Combating White Stuckness

Rachael Bregman
5 min readJul 2, 2020


Ahmaud Arbery was hunted and killed, lynched in my community. This event does not make me an expert in race relations although, as a rabbi and as a rabbi here, I suddenly need to be. I am, however, a keen observer of people and of systems. Because I am sitting on this particular front line of history, I have a unique perspective. And because my observations could make someone’s life better or even save someone’s life entirely, I feel obligated to every life lost, especially Mr. Arbery, to share them.

In the last few weeks, I have heard from many people, white people, who are outraged, angry, wanting change and also completely stymied on how to move forward. We white people need to overcome our stuckness for real change to happen. Because sitting still is a privilege afforded to us by the color of our skin. And at this moment, stillness and silence are perhaps more dangerous than the police brutality against which so many are outspoken.

I share with you here four modes of white paralysis and some thoughts on how to smash the inertia so that this momentum against racism and towards equity keeps going allowing for everlasting change.

1. I am one of the good white people, so I am not part of the problem. People have shared with me their history of being non-racists. And it is good to not be a racist. It is as if they are looking for me to absolve them. They see themselves as outside of what so many are awakening to now. However, racism is built into the fabric of our nation, our communities, and our organizations. As white people, we experience advantages and access that people of color do not. Regardless of how you feel about race, if you are white, you are benefiting from the racist systems in place. It is our job as white people to dismantle the extant systems of racism and privilege. And none of us get a pass.

2. I am ashamed, I am overwhelmed, and I am powerless to make change. So many white people I know have expressed soul-sickening heartbreak as they are realizing what is and has been happening to black people in this country for centuries. This renders them crushed by the enormity of it rendering them unable to move. It feels like so much. Because it is. But being uncomfortable is not a reason to sit back. As a white person, it is easy to hide in our whiteness to avoid the discomfort of facing the world outside. Please always remember this: People are dying for and because of this privilege. Black people have been oppressed, abused, mistreated and murdered for us to have this moment of awareness. Full stop. We must choose the lives of others over comfort for ourselves. So please, keep going.

3. Let us talk and make friends. The desire and demand for dialogue in my community has been huge. Yes, this is incredible. And it cannot be the end point. Learning is a valiant tool if it leads to action. Building relationships is good. Essential even. And it is insufficient. So not stop at the bridge building stage. At the end of any encounter, ask yourself, what will I do now to build more justice?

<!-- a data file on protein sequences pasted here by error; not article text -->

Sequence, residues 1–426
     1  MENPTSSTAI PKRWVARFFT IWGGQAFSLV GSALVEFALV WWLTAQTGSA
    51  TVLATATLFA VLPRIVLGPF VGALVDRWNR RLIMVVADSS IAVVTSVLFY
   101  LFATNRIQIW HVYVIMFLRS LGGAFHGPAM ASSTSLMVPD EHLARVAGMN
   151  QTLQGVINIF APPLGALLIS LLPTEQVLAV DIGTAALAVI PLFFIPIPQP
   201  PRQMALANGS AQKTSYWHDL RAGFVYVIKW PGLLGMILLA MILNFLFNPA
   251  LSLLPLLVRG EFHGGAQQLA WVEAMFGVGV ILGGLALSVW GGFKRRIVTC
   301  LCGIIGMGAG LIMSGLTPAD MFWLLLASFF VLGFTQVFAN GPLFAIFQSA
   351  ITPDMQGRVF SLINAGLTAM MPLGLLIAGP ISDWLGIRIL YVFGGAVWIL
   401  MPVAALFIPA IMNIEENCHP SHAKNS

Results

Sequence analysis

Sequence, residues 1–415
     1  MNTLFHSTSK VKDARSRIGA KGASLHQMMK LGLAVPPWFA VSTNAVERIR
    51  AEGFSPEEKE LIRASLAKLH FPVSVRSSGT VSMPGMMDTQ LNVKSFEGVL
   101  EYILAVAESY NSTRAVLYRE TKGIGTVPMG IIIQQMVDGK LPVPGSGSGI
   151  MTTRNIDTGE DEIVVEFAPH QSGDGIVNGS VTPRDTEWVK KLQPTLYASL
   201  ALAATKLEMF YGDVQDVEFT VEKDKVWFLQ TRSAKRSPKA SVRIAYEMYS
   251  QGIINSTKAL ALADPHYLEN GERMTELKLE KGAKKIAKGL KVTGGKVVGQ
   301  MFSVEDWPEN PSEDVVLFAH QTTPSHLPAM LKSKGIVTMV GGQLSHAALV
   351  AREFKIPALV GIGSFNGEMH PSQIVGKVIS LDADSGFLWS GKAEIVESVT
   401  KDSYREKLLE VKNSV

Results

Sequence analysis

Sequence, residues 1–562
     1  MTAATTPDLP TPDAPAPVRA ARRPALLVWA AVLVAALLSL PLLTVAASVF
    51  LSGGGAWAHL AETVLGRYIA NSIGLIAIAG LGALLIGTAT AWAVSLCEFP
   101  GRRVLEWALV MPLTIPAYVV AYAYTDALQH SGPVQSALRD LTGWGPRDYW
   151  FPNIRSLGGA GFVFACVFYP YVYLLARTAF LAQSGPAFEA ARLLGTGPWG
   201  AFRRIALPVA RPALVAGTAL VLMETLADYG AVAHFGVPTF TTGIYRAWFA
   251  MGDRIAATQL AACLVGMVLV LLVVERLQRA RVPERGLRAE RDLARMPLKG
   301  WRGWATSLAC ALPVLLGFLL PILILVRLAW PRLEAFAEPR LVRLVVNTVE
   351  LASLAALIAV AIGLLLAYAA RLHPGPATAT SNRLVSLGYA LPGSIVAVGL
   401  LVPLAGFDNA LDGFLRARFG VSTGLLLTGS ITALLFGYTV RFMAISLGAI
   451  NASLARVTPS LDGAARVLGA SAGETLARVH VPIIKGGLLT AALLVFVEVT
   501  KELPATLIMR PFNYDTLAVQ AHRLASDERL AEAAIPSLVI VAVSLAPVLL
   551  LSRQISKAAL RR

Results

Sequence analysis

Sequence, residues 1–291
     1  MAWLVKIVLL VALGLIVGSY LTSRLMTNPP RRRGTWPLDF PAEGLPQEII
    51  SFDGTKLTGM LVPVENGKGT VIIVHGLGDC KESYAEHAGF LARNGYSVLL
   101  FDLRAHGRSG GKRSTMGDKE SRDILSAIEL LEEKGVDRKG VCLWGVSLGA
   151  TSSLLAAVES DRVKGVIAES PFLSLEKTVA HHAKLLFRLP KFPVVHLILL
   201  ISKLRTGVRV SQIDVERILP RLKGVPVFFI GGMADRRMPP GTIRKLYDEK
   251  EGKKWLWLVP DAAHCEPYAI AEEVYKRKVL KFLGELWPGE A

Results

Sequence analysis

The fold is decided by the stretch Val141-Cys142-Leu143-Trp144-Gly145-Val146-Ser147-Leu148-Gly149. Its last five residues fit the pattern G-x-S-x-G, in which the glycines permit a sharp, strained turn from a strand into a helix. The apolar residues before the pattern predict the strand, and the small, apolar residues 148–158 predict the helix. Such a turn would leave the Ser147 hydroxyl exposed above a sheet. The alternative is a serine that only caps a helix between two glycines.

4. I am so angry that I just can’t. There is anger at the systems, anger at the self, anger at those who do not see it, anger at perpetrators, accomplices and bystanders of despicable acts, and anger at those who are just realizing now what has been going on all along. Anger is useful because it alerts us that our values are transgressed. And right now, they are transgressed. It is no less than our humanity that is shattered. And we must reconcile that those of us who with pale skin have benefited from the suffering of others. There is much to be angry about. And any anger beyond that which moves us to action just feeds the broken system. Racism, xenophobia, and all brands of hate are built on anger, fear, and distrust of others or “the other.” But redemption and change are built on trust, connection, belonging and love. If the anger is lasting beyond a useful place, it only further feeds the monster of all things broken.

Once we shake ourselves out of the various stupors of privilege which hold us still, there are tools for making change which can be employed anywhere by anyone. This is by no means an exhaustive list of what will create real equity in our land. But know that even when you do not know what to do, there is plenty out there to get you started.

Ask black people in your community what needs to be done to create racial equity. Advocate for more equitable policies. And if you do not know what needs attention, call your local NAACP which I encourage you to join. Spend your money in establishments owned by members of marginalized communities. Make sure that access to education is equitable for all. And if it is not, in addition to advocacy work, volunteer in an underfunded, under-performing school. Support the Equal Justice Initiative. Register people to vote. Donate time, money and goods to your local food bank. Support initiatives which increase opportunities for healthcare in impoverished communities. Invest in public transportation so everyone has more access to everything from goods and services to each other.

The world is on fire and waking up to a painful reality. Will this be the moment in time that at last we create equity? Yes. Only if we refuse to stand still.

Rachael Bregman is the Berman Family Rabbinate Rabbi at Temple Beth Tefilloh in Brunswick Georgia